ISCHE is looking for volunteers for committees
Committee for the Herbert Needleman Scientist-Advocate Award for Outstanding Contributions to Children’s Health and the Environment
In 2017, the International Society for Children’s Health and the Environment (ISCHE) established the Herbert Needleman Scientist-Advocate Award to honor Herbert Needleman, a pediatrician who devoted his life to studying and protecting children from toxic chemicals. This award, which will typically be awarded annually, recognizes an individual’s outstanding contribution to understanding and preventing the adverse impact of toxic chemicals on children. The award will preferentially be perceived to be an unsung hero; a scientist-advocate whose work has yet to be recognized.
Nominations Nominations are not accepted for the Herbert Needleman Award. Members of the ISCHE Awards Committee, who will develop selection criteria and select a recipient, are not eligible for the award during their service on the committee. Any ISCHE member is eligible to join the committee. Please forward a message with your interest to Bruce Lanphear at: firstname.lastname@example.org .
Rob McConnell, who is chair of the membership committee, needs help to recruit members (thank you Rob!). A truly important committee, the future of ISCHE depends upon it. Contact: email@example.com
Meeting Planning Committee
Please consider joining the planning committee for the January 2019 retreat in Merida, Mexico. If you have been to an ISCHE retreat you can imagine the thrill of designing the meeting and being part of another exciting gathering.
Contact Jennifer: firstname.lastname@example.org
Introducing new ISCHE coordinator
We are pleased to introduce you to our new ISCHE coordinator Carly Hyland! Carly will be taking over for Jennifer Ames who recently finished her PhD at UC Berkeley and will be starting a postdoc this summer (but looks forward to staying involved with ISCHE!) Carly has a Master's from UC Berkeley in Global Health and Environment and will be starting a PhD in Environmental Health Sciences this Fall. Carly's research interests include the health effects of pesticide exposures and she has conducted fieldwork with farmworkers in Guatemala and Costa Rica.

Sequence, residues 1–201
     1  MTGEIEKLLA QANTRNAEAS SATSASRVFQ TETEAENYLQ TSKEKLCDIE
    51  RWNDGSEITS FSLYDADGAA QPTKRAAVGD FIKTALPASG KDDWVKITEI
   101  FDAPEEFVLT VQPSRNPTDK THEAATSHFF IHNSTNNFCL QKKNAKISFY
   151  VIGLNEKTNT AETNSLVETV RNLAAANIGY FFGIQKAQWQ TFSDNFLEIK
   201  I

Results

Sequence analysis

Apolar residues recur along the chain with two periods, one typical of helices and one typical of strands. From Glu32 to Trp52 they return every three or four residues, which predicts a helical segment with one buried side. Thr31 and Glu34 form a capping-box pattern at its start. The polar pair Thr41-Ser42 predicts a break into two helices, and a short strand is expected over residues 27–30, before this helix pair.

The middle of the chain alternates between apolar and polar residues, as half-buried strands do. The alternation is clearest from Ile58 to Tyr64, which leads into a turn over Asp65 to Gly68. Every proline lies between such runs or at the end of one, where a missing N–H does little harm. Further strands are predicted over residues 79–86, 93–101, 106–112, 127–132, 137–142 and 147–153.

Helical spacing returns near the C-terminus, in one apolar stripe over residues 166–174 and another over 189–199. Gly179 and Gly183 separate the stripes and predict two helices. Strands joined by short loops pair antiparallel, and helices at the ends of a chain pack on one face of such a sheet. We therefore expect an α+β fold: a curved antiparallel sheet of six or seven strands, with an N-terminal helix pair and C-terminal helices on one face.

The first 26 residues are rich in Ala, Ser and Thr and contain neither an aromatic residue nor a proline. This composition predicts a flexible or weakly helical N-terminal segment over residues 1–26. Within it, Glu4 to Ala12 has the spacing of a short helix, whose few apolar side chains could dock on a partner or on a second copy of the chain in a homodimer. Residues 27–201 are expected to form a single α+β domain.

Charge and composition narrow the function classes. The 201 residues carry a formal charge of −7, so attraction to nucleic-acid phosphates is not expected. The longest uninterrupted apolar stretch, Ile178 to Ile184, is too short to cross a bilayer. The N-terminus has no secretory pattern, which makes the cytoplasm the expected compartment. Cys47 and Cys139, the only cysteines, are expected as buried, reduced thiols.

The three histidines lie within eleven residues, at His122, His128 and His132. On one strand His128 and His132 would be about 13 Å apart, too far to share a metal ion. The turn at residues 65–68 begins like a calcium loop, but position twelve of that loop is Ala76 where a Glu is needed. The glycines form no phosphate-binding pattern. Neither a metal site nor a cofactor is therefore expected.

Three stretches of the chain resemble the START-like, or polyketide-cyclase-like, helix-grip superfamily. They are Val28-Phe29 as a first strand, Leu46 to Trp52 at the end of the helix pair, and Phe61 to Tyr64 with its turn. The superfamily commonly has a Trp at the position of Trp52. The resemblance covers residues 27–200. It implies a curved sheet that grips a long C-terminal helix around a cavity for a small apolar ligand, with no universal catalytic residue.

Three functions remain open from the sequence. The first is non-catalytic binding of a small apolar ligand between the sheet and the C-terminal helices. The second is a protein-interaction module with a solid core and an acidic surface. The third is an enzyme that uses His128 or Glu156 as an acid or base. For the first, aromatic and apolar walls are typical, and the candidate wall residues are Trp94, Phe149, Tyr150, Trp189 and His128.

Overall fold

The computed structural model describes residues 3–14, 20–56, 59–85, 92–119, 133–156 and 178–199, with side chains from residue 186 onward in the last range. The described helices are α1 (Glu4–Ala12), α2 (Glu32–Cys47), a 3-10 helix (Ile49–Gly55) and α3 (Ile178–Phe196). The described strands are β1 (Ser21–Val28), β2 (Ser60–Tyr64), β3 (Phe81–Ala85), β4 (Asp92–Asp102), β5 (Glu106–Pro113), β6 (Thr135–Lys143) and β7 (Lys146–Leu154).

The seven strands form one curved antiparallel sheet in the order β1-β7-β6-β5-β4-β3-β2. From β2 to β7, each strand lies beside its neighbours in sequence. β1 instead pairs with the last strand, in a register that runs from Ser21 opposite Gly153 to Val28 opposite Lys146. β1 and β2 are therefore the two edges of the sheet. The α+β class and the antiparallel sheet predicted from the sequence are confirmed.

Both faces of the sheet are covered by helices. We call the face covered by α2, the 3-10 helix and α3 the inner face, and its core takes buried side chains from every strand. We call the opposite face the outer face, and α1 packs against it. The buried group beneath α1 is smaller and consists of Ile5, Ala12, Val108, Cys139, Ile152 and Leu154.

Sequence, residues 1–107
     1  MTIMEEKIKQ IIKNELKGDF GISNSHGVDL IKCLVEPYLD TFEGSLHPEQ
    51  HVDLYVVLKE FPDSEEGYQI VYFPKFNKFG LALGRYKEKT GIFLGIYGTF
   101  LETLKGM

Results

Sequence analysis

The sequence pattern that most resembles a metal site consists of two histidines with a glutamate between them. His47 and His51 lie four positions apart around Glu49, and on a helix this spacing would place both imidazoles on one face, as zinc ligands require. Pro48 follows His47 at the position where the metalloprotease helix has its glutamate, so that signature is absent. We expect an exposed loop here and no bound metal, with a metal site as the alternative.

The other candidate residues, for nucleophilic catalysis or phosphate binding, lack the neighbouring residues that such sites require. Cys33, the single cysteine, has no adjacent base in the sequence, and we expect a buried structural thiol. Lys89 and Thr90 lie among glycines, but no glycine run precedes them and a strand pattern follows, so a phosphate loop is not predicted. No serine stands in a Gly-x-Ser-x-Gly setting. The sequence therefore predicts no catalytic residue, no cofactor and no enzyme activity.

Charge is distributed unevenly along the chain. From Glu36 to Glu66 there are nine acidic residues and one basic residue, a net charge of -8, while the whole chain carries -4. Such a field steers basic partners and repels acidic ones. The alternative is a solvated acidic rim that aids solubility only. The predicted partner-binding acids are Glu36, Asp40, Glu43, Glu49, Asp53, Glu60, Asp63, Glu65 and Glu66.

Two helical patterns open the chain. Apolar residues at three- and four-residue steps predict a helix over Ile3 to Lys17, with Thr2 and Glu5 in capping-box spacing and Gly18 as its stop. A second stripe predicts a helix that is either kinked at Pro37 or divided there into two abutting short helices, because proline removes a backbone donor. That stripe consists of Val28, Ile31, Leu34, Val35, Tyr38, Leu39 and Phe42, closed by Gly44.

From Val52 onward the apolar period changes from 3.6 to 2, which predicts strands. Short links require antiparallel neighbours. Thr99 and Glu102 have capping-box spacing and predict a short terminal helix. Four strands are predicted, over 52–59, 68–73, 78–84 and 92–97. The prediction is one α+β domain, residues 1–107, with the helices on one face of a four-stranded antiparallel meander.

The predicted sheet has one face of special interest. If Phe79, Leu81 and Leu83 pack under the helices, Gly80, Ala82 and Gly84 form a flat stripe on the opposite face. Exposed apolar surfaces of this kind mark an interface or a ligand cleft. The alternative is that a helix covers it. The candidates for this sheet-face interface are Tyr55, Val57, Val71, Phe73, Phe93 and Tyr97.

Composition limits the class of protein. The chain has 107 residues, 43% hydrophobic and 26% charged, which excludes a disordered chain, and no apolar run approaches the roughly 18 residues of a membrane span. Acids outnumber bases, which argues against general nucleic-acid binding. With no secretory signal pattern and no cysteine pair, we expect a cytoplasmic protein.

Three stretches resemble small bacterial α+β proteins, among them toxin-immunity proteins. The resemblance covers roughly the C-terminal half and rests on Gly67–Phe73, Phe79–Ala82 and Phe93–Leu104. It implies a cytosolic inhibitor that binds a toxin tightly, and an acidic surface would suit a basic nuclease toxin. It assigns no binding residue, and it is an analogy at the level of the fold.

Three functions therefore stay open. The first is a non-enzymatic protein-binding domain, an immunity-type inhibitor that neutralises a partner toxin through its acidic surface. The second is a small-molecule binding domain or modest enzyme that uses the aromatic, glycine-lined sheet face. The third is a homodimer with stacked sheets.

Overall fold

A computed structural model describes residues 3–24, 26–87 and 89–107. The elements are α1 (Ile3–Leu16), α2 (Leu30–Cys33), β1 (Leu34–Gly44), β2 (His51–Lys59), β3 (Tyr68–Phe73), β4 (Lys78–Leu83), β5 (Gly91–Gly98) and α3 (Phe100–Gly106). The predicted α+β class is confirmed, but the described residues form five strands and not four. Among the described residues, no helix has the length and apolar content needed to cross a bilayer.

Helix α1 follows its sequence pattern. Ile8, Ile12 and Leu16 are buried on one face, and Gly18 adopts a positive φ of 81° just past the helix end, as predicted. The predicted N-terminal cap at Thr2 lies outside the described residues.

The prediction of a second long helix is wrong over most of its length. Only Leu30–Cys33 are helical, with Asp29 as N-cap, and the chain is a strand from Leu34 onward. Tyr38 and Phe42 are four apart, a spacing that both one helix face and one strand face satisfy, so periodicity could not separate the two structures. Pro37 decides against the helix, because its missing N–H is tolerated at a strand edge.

Starting shortly, ISCHE correspondence will come from Carly’s email at email@example.com.
Release of new Little Things Matter video
Bruce Lanphear, ISCHE vice-president, recently released “Cause or Cure?”, a new video in the series “Little Things Matter: Unleashing the Power of Prevention.” These short, educational videos are aimed at disseminating the work of ISCHE researchers and advocates to a wider audience and promoting environmental health literacy.
About the video: For the past 50 years, we’ve clung to the belief that with enough investment, we will find cures for what kills us. Have we become so enamored with the search for elusive cures that we fail to seize opportunities to prevent death, disease and disability? This animation explores how we can prevent disease.
View the video at this link:
We invite other ISCHE members to share their work developing new tools and educational materials for improving public understanding of children’s environmental health. Please let Mark and Carly know and we can feature your work in the next newsletter!